Tuesday, 05 October 2010 15:18

Exclusion Statistics

2010-2011 Statistics

Several Freedom of Information requests I submitted to Kent and Medway Councils have produced considerable and alarming information on school exclusions, especially in Kent. You will find the full article, comment and background here. The headlines, which relate to children with SEN, academies and the startling differences between Kent and Medway are that:........

 *  The first two new style academies created in Kent top the list of permanent exclusions, headed by Westlands School in Sittingbourne with 12. Next is Canterbury High School with eleven permanent exclusions. Both these schools previously had outstanding Ofsted reports, so it is difficult to believe they have difficult disciplinary problems. Other schools with high numbers of permanent exclusions over the year are: Chaucer Technology School, also in Canterbury (11); Hartsdown Technology College (converting to an academy; the Marlowe Academy (both in Thanet); Dover Christ Church Academy; Maplesden Noakes School in Maidstone, Sittingbourne Community College, all with eight; and  and Astor College for the Arts in Dover and The Community College Whitstable both with 7.  

* Of particular concern is the number of children  with statements of special education needs (SEN) who continue to be permanently excluded, in spite of government policy that “schools should avoid permanently excluding pupils with statements, other than in the most exceptional circumstances”. While I don’t yet have figures for this year, in 2009-10 out of a total of 168 secondary exclusions 22 were of statemented children, a further 68 being of other children with SEN, together over half of the total. However, the most astonishing and alarming statistic in this whole survey is that nearly all of the 34 Kent primary school exclusions in the last school year were of children with Special Education Needs, with 13 statemented children and another 18 with SEN. Although I don’t have more detailed information, and it is unlikely to be available, it is likely that most of the  statemented children permanently excluded are thrown out because of behaviour arising from their medical condition of autism, over which they will have no control. Clearly we are not making proper educational provision for these children.

Comment on these figures is contained in an article I prepared for Kent on Sunday, and a follow up item.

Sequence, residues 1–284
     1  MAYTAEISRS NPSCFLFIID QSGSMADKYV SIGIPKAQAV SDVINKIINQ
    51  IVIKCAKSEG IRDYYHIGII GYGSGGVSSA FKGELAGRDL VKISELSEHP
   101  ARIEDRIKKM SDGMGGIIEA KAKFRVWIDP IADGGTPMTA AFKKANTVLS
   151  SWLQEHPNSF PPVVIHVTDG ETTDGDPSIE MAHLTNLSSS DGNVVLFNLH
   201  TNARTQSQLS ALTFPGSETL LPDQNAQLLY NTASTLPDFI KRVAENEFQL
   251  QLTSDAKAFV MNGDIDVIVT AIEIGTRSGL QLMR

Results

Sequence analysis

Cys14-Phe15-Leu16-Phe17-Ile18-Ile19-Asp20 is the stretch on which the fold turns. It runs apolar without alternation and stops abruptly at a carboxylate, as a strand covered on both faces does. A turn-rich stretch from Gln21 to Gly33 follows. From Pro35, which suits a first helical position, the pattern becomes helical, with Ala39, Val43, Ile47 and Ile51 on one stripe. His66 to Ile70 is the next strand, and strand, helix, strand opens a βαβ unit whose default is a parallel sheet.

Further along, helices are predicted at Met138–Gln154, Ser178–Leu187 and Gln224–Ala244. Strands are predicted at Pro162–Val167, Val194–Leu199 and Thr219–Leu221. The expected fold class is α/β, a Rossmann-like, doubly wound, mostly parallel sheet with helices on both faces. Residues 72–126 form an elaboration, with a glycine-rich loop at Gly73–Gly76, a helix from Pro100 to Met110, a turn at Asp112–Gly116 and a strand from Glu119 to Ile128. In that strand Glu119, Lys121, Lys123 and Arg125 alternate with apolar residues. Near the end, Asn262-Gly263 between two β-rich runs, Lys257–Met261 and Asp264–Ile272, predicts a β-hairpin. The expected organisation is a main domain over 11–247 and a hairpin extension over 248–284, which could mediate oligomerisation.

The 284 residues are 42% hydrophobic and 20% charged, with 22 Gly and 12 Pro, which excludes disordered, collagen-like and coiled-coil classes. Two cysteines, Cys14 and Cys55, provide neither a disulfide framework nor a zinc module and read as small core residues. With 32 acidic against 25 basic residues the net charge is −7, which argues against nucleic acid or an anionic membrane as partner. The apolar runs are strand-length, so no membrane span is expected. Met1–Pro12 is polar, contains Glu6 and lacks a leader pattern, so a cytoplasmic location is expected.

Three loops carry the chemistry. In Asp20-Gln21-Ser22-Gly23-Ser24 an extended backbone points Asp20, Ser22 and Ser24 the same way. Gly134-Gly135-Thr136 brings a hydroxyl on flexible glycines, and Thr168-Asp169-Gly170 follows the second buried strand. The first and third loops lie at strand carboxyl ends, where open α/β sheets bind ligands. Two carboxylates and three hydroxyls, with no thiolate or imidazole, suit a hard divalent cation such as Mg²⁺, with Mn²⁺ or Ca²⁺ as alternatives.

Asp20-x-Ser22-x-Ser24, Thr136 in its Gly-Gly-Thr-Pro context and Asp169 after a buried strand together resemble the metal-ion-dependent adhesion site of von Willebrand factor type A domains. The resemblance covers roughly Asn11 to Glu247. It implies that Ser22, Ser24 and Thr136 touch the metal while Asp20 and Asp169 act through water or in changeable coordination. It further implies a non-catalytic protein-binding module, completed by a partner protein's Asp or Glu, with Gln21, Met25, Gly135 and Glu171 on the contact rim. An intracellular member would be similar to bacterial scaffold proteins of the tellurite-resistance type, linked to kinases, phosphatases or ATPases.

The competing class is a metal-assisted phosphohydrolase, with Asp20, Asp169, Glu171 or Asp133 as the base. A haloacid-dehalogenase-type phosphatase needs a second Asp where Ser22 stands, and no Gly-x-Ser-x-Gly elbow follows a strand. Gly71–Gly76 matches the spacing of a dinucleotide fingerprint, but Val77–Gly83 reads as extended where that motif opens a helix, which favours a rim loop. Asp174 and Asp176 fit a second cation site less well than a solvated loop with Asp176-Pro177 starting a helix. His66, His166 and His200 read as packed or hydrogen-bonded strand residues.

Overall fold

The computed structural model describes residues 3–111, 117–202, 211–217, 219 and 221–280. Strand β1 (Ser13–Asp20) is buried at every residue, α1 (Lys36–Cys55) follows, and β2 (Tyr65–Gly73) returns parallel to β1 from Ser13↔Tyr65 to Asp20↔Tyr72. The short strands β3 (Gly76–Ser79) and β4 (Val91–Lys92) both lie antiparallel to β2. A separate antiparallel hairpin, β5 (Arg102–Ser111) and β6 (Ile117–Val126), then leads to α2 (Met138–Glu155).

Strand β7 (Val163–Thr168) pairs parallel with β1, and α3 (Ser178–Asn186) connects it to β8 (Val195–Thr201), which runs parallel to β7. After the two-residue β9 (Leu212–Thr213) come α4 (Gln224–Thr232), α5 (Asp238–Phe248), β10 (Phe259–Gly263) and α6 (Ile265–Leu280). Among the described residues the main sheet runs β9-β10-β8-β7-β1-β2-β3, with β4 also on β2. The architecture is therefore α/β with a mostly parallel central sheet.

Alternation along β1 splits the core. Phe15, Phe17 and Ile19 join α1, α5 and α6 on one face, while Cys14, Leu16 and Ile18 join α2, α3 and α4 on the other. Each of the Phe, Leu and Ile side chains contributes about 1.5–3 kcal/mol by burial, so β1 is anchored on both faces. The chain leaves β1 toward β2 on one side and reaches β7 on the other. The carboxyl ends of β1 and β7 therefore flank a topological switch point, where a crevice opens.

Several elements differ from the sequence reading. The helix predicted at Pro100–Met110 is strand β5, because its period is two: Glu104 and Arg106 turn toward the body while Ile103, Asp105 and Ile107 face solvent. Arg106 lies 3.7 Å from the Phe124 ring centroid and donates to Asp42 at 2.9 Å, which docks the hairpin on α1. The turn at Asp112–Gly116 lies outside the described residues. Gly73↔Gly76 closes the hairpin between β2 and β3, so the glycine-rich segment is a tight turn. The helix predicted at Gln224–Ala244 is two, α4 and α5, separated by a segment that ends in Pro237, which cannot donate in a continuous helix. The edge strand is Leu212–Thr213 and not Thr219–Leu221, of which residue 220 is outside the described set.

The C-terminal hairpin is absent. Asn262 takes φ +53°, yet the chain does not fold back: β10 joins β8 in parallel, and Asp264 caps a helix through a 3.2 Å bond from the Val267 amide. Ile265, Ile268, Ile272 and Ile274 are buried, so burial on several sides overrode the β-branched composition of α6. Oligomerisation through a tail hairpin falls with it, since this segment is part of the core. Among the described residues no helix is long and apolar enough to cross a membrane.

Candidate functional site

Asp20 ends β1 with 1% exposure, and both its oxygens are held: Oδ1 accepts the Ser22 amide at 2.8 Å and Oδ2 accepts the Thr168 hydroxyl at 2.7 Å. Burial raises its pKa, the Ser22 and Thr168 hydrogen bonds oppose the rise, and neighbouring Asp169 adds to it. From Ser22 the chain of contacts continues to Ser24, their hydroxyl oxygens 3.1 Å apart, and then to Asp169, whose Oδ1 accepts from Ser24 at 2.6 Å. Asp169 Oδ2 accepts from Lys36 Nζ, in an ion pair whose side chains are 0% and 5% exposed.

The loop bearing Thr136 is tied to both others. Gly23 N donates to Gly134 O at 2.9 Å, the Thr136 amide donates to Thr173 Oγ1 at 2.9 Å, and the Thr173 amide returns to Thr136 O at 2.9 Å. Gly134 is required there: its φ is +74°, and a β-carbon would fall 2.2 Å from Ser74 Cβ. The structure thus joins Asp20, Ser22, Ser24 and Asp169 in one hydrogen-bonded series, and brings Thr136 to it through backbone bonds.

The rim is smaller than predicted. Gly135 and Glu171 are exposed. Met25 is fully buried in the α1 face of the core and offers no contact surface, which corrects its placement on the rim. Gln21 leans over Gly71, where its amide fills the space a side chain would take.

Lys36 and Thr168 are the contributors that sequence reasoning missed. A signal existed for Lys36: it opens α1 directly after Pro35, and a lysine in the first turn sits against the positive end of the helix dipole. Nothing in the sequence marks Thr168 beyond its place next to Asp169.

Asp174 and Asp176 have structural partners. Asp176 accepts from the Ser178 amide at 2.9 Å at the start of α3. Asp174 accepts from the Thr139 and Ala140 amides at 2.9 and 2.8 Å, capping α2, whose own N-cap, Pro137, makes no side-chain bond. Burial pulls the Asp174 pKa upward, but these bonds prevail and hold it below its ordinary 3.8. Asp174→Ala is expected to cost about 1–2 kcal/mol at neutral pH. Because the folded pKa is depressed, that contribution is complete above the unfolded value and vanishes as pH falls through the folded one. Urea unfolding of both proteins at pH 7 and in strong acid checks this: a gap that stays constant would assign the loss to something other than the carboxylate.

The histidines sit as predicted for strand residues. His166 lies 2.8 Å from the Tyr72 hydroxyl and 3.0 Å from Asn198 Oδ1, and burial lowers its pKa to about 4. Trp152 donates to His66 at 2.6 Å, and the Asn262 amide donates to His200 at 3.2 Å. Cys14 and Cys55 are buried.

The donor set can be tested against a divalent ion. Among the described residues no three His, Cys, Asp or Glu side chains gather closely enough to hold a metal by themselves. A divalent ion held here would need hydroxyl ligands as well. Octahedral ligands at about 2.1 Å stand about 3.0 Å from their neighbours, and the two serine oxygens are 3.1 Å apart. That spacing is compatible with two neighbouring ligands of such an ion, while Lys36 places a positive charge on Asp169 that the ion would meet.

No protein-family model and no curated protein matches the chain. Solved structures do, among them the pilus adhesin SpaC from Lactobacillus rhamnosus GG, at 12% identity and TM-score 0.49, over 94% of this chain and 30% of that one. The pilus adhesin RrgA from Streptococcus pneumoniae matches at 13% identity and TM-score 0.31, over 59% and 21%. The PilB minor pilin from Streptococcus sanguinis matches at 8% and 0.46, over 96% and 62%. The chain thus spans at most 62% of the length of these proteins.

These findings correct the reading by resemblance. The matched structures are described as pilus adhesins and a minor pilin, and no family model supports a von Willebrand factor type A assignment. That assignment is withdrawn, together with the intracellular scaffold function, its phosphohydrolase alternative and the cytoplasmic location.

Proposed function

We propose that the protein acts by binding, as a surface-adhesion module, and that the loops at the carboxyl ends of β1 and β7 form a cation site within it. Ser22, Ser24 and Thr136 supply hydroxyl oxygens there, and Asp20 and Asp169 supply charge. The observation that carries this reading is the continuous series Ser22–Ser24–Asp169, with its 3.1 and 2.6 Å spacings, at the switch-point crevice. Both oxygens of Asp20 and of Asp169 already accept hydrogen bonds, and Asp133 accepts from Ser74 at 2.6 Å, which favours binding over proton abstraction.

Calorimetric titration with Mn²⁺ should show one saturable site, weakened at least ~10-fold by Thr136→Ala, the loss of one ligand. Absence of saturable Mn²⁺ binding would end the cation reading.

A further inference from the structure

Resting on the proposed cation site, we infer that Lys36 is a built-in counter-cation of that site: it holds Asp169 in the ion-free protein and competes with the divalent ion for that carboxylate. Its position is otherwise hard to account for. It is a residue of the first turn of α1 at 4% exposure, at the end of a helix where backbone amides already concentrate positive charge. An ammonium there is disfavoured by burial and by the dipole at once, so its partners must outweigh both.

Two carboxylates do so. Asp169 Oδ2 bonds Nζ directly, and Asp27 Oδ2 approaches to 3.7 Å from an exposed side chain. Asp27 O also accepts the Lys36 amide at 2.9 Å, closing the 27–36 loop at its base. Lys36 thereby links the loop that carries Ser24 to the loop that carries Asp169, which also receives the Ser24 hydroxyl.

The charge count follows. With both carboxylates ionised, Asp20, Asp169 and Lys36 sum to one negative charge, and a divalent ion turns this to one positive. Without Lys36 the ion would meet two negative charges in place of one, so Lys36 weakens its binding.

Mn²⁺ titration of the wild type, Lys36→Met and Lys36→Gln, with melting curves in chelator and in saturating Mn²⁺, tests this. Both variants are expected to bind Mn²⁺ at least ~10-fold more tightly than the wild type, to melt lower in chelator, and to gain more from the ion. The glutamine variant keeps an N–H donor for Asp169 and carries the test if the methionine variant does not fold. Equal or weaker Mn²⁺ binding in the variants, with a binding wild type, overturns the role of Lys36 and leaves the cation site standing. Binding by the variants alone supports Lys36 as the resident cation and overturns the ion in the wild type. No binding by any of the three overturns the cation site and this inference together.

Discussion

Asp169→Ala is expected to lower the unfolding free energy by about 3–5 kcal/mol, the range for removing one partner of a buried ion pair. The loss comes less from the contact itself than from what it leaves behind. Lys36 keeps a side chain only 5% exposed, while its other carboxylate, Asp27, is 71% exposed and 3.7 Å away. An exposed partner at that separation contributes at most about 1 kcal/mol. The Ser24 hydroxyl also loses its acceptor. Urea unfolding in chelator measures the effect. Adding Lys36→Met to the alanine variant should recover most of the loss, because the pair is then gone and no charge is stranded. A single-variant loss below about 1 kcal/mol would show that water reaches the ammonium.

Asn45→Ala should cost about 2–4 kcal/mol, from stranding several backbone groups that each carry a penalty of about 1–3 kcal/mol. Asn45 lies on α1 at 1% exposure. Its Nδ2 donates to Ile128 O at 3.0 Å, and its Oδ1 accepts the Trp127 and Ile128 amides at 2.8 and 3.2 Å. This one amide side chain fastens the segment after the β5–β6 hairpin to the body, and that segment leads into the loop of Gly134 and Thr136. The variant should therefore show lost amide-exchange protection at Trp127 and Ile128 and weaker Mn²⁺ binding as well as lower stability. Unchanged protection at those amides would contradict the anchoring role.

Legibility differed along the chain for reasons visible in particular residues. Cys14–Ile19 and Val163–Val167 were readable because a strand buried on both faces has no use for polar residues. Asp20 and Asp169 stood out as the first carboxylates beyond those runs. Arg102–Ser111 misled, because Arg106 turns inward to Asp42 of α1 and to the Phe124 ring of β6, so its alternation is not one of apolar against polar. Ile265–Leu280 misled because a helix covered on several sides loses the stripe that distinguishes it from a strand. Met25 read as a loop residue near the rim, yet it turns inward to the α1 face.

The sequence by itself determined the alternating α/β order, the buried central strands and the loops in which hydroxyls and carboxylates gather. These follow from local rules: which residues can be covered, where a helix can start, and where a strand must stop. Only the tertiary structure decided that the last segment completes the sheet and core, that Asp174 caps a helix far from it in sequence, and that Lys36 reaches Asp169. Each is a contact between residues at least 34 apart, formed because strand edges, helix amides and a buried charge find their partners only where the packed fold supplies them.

In total there were 197 secondary school permanent exclusions, 39 primary, and  15 Special. 

Older Statistics

I have now received through the Freedom of information act, data on Kent school exclusions for the year 2008-9, which contain some worrying details. In 2007-8 Kent had the second highest proportion of permanently excluded (expelled) children in the South of England outside London. Whilst this this has now fallen for 2008-9 (comparative national figures are not available) there were still 253 children permanently excluded from mainstream schools and Academies in the County.Worryingly, 20% of these were children with Statements of Special Education Need, and a further 24% on SEN School Action Plus. This is in spite of the Government imperative that states: “Other than in the most exceptional circumstances, schools should avoid permanently excluding pupils with statements”.  Indeed the figure for statmented children rises to 54% (20 out of 34) for primary schools. These shocking figures for the exclusion of statemented children are likely to rise with the phasing out of Special Units (see below).

One school, the New Line Learning Academy had 25 permanent exclusions in the past school year, and another four since September, more than twice as many as any other school in the county.

DCSF statistics for 2006/7 show that children with SEN are far more likely to be permanently excluded than pupils with no SEN. 36 in every 10,000 pupils with statements, 42 in every 10,000 with SEN but no statement are permanently excluded compared with 4 in every 10,000 with no SEN.

In 2006/7 there were 1050 appeals against permanent exclusion. 25% were determined in favour of parents, although reinstatement was only directed in some 40% of successful appeals.

I will only get involved in a limited number of exclusions, where I consider that there are extenuating circumstances, or that the school has acted inappropriately. In such cases, I am prepared to advise parents on the best way to proceed, and/or to represent them at appeal panels.

  • Sadly, I have lost two just two of these in recent years, both children with severe Special Needs. The most recent child was on School Action Plus, but when we requested his Special Needs file (eventually received after three requests) it showed the school had taken no action whatever to support him in 15 months, despite the parent being on record several times as pleading for help.

In many cases before a permanent exclusion is considered, the school will propose a Pastoral Support Programme. DFES guidance on this is helpful, and can be seen here.

Tuesday, 05 October 2010 15:09

Bullying

This page has not been developed yet